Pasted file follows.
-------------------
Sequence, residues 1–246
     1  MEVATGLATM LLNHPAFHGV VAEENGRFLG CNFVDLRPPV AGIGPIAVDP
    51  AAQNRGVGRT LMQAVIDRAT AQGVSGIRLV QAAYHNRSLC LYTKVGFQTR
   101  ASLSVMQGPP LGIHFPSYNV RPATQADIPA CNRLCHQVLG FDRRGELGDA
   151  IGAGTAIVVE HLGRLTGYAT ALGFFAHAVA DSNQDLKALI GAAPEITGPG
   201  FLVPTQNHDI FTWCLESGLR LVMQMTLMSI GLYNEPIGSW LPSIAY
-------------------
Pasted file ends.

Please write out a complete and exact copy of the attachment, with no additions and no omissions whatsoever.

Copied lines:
Sequence, residues 1–246
     1  MEVATGLATM LLNHPAFHGV VAEENGRFLG CNFVDLRPPV AGIGPIAVDP
    51  AAQNRGVGRT LMQAVIDRAT AQGVSGIRLV QAAYHNRSLC LYTKVGFQTR
   101  ASLSVMQGPP LGIHFPSYNV RPATQADIPA CNRLCHQVLG FDRRGELGDA
   151  IGAGTAIVVE HLGRLTGYAT ALGFFAHAVA DSNQDLKALI GAAPEITGPG
   201  FLVPTQNHDI FTWCLESGLR LVMQMTLMSI GLYNEPIGSW LPSIAY